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Facing the truth

When thinking about what to share with you today, I was struck with the memory of when I realized, on a conscious level, Hannah was not a typically developing child and there was something very wrong with her. I say "on a conscious level" because I believe I always knew something was different about her. In fact, the day after she was born the doctor came in and said he wanted to do chromosomal testing on her because she had some characteristics that pointed to a genetic abnormality. I readily agreed thinking there was nothing wrong. My baby was perfect even though she wasn't born with the instinct to suck and needed to be taught by putting a tube into her little mouth so it would stimulate her mouth and throat muscles to work. Even though her arms were stuck in a bent-at-the-elbow position for weeks and would not easily be moved. Even with that I wasn't concerned. She just looked like she was going to give a double high five. No problem. Nothing to see here. Walking the floors all night because she was screaming due to not being able to digest properly. Again, no problem. She's fine. I just need to watch what I eat since I'm breastfeeding. I can do that. My sisters' looks of concern when Hannah had no response to me walking into the house after being gone. The typical excitement babies show when mom walks into the room wasn't there. In fact, it wasn't there with anyone when we were out. The only time she smiled was when we were home by ourselves. Once again, everything is fine. Don't tell me there is something wrong with my baby. Her pediatrician isn't concerned so why should everyone else be? Well, that all came crashing down when she turned one. She was walking, but she was not babbling, there was little to no eye contact, and she would scream any time she heard particular noises at a certain pitch or when we were anywhere other than home. Something was wrong. I knew it. That was confirmed with her new pediatrician. This was the start of the endless cycle of specialists trying to determine exactly what was going on. This was also the day I began grieving for the child I dreamt of but knew I would never have.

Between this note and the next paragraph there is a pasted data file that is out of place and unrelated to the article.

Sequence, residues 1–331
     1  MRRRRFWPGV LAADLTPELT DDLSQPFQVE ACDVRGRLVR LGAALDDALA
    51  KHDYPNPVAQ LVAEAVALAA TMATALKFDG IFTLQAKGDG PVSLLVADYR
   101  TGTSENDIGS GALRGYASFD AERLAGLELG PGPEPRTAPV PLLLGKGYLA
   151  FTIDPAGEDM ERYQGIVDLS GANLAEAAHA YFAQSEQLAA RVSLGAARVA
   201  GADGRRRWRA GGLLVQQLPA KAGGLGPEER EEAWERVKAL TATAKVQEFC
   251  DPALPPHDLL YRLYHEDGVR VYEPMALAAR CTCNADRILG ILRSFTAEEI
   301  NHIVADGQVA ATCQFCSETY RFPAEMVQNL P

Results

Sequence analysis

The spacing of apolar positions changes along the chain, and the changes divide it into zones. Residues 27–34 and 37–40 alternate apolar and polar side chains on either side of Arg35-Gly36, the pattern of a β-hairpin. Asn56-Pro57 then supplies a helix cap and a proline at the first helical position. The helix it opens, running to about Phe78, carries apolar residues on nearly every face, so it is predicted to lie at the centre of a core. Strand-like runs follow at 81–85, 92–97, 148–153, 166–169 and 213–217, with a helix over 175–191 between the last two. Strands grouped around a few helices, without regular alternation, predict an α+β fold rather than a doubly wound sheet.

If any of this resonates with you, I'm here to tell you you've got this and you are not alone. Take it one day at a time, sometimes one second at a time, and know there is light on the other side of it. Trust your instincts and reach out for help when you need it. Again, you are not alone.

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